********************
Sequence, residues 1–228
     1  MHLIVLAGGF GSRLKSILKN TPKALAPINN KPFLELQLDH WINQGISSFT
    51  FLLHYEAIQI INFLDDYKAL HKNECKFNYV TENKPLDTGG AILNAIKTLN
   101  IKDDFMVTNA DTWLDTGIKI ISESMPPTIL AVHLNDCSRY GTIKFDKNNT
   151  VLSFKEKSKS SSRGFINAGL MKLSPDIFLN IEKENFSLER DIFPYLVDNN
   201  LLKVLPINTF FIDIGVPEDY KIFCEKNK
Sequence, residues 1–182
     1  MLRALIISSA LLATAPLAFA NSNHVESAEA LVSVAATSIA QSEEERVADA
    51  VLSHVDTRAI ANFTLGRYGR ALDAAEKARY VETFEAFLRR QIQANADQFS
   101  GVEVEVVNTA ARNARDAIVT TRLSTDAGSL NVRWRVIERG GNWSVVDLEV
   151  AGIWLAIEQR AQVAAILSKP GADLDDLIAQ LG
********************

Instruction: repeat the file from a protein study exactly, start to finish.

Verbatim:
Sequence, residues 1–228
     1  MHLIVLAGGF GSRLKSILKN TPKALAPINN KPFLELQLDH WINQGISSFT
    51  FLLHYEAIQI INFLDDYKAL HKNECKFNYV TENKPLDTGG AILNAIKTLN
   101  IKDDFMVTNA DTWLDTGIKI ISESMPPTIL AVHLNDCSRY GTIKFDKNNT
   151  VLSFKEKSKS SSRGFINAGL MKLSPDIFLN IEKENFSLER DIFPYLVDNN
   201  LLKVLPINTF FIDIGVPEDY KIFCEKNK
Sequence, residues 1–182
     1  MLRALIISSA LLATAPLAFA NSNHVESAEA LVSVAATSIA QSEEERVADA
    51  VLSHVDTRAI ANFTLGRYGR ALDAAEKARY VETFEAFLRR QIQANADQFS
   101  GVEVEVVNTA ARNARDAIVT TRLSTDAGSL NVRWRVIERG GNWSVVDLEV
   151  AGIWLAIEQR AQVAAILSKP GADLDDLIAQ LG